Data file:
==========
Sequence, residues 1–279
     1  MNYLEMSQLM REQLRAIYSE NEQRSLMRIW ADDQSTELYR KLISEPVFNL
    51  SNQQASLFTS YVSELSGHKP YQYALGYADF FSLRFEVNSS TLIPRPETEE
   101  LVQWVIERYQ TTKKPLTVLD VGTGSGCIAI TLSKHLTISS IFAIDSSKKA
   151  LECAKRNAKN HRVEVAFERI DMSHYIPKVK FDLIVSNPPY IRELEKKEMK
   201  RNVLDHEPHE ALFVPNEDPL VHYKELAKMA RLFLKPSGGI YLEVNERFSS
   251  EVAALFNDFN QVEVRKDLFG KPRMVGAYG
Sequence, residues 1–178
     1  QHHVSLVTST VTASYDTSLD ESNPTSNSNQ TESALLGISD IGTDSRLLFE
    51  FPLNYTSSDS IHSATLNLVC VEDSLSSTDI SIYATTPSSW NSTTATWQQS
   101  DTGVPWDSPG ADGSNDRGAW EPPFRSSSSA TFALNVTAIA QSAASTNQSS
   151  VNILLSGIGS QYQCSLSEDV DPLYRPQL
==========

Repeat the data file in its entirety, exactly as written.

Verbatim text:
Sequence, residues 1–279
     1  MNYLEMSQLM REQLRAIYSE NEQRSLMRIW ADDQSTELYR KLISEPVFNL
    51  SNQQASLFTS YVSELSGHKP YQYALGYADF FSLRFEVNSS TLIPRPETEE
   101  LVQWVIERYQ TTKKPLTVLD VGTGSGCIAI TLSKHLTISS IFAIDSSKKA
   151  LECAKRNAKN HRVEVAFERI DMSHYIPKVK FDLIVSNPPY IRELEKKEMK
   201  RNVLDHEPHE ALFVPNEDPL VHYKELAKMA RLFLKPSGGI YLEVNERFSS
   251  EVAALFNDFN QVEVRKDLFG KPRMVGAYG
Sequence, residues 1–178
     1  QHHVSLVTST VTASYDTSLD ESNPTSNSNQ TESALLGISD IGTDSRLLFE
    51  FPLNYTSSDS IHSATLNLVC VEDSLSSTDI SIYATTPSSW NSTTATWQQS
   101  DTGVPWDSPG ADGSNDRGAW EPPFRSSSSA TFALNVTAIA QSAASTNQSS
   151  VNILLSGIGS QYQCSLSEDV DPLYRPQL